We’ve long been able to personalize what information the Internet tells us — but now comes “Web site morphing,” and an Internet that personalizes how we like to be told. For companies, it means that communicating — and selling — will never be the same.
The leading question
What are the consequences if the Web can connect with users in the cognitive style they prefer?
- As salespeople and anyone trying to communicate already knows, individuals process information in different ways. Messages delivered in the matched “cognitive style” will be more effective.
- Advances in technology and behavioral science are beginning to enable an “empathetic Web” to emerge — a Web that can figure out for itself how a user wants to be talked to.
When we talk to someone, we often feel that communication is more effective if we are “on the same wavelength” with them. If they “get it,” we feel empathy and trust. We’re more likely to believe their statements or even buy what they’re selling. While this trust and empathy come from good communication, good communication is more than just content. It depends not only on what is in the message, but also on how the message’s content is delivered — in particular, how well the message’s delivery style matches the way the listener (or Web site visitor, or customer) thinks. We call these thinking styles “cognitive styles.” They define how people process information.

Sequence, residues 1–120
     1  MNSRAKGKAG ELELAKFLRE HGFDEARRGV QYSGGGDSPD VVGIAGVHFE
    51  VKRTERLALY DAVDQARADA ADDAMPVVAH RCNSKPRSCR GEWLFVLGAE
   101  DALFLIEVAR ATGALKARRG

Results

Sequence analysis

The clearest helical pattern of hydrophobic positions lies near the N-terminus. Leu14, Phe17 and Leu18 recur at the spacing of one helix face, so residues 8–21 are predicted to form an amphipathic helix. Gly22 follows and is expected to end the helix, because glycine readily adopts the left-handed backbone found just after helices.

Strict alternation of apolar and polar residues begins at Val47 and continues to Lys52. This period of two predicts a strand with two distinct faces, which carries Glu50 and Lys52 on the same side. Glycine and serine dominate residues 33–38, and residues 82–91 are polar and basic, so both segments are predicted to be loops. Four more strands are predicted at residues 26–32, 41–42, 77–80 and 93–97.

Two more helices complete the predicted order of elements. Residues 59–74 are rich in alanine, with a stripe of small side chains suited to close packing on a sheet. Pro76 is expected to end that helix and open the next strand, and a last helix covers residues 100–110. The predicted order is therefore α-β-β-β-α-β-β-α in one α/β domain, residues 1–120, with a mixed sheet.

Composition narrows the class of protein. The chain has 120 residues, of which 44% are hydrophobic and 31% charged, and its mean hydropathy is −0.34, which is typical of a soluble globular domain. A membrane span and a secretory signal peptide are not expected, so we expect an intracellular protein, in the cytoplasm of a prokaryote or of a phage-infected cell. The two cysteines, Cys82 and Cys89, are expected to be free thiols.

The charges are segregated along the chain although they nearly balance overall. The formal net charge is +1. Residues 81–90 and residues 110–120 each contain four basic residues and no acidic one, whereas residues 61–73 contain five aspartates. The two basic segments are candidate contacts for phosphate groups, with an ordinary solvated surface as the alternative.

Some people are analytical and want to take messages apart and study each component in depth, while others look holistically at the message and react to it. Presenting an analytical case to someone who processes ideas holistically is not likely to be effective, and vice versa. Some people are deliberative and want to carefully consider ideas, while others are impulsive and “go with their gut.” Some people think with pictures, while others process information in words. Matching your presentation to the cognitive style of the Web site visitor or customer is critical for success, especially if you are trying to persuade that person to buy your product.
Good salespeople have known this for years, of course. The best ones carefully diagnose how the client thinks and then modify their pitch to match the customer. This sales approach, often instinctive, enables the salesperson to vary the presentation of information depending on the cognitive style of the customer.
Now, through Web site morphing, the Internet is beginning to do the same.
Morphing increases sales. A recent experimental study at MIT demonstrated that Web-originated purchase intentions for a large global telecommunications company’s broadband product could increase 20% after morphing the site to match individual cognitive styles.